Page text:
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Notes from Herlev - Updates and Thoughts

Textile pearls to lose and to wear



Materiel: concrete, Tar Yarn

Size: 100 X 50 cm.

Concrete cast in textile. Artwork deals with appreciating and bearing grief at the same time: both privat and common for how we destroy the nature of the planet.

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Birthe Laursen Art Agency

Birthe Laursen Art Agency opens the exhibition My Garden on 29 July by visual artist Anja Franke in Gilleleje. The solo exhibition will present a number of new watercolors an d objects, all of which point back to the artist’s garden in Herlev.

Franke’s practice is based on the conceptual method, where she primarily examines feminist perspectives in nature and in the private sphere.

Since 2004, Franke’s home has functioned as a studio, laboratory and international exhibition platform (InstantHERLEV institute). The private cadastre can be seen as a metaphor and a micro-community that reflects one globalized state in continuation of the climate issues of which we are all a part. The garden itself is a resource in Franke’s artistic production, where material is extracted through the grave and observation. She examines the earth and what the earth transforms with the aim of creating new understandings of the state of the earth and our human relationship to it. Land as material holds a wide range of meanings and connotations around concepts such as ownership, nationality and territories into more abstract ideas about religion, perishability and organic processes. Likewise, Franke processes her material in the garden when she burns, molds and exposes it to the very environment from which it comes.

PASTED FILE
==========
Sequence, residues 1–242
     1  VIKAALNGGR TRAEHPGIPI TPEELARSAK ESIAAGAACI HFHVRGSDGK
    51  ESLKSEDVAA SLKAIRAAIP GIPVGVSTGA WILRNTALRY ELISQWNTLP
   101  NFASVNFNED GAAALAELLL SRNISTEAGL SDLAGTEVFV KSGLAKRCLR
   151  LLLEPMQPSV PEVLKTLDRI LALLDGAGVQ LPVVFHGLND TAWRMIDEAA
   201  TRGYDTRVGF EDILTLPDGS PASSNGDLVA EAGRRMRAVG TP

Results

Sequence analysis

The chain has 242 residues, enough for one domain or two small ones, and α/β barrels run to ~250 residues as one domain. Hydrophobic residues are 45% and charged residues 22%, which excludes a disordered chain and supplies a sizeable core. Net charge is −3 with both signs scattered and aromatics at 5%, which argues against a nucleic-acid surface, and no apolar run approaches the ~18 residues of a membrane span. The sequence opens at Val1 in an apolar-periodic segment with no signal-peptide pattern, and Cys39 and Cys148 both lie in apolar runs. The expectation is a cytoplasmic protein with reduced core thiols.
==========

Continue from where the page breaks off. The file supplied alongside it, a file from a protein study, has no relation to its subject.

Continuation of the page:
In continuation of her method, Franke has developed the concept of ‘austerity aesthetics’, which forms the basis for her work and practice. The concept revolves around the circular thinking that reflects on dilemmas arising from our consumption’s compromise of nature and change of our climate. The world is used, nature diluted as a practical resource, the principles of industrialization and growth are obsolete. We are facing a paradigm, a psychic social state that can be seen and must be felt.

Anja Franke

Year: 2020
Materials: Photography, mirror, concrete, ceramic (Leca) and printed matter
Dimensions: L: 2.5m H: 2m D: 50 cm

ON LOCATION is a site-specific work, a staging of places / locations in Herlev.
Outside at the exhibition site is set up 1 photo, on a wall constructed of Leca foundation blocks and mirrors. In addition, a printed matter, which represents a fictitious walk in Herlev with photo and dialogue between Anja Franke and Kaj Aage Drafenharden.
- I stage reality and fantasy, which are experienced within the same time period, when reality surpasses imagination. And explores the micro-local place, focusing on intimacy and the private narrative. A mental journey, into Herlev, as opposed to traveling the world, by Anja Franke

The sculpture ‘Earth Dog’, created over old faults, burned bricks from the local area, which can currently be experienced in front of the Nivaagaard Painting Collection. Citizens have been collecting bricks, and schoolchildren have been involved in an ongoing art course around the project.

‘Earth Dog’ revolves around Nivaa’s strong local story about the old producing brickwork, with the dog as a central figure in two intersecting personal stories: About the founder of Nivaagaard’s Painting Collection, Johannes Hage and his dog – and about the visual artist Anja Franke, who grew up with collected bricks in her backyard, and her dogs. The work is about the local, relationship, about losing, retrieving and returning home.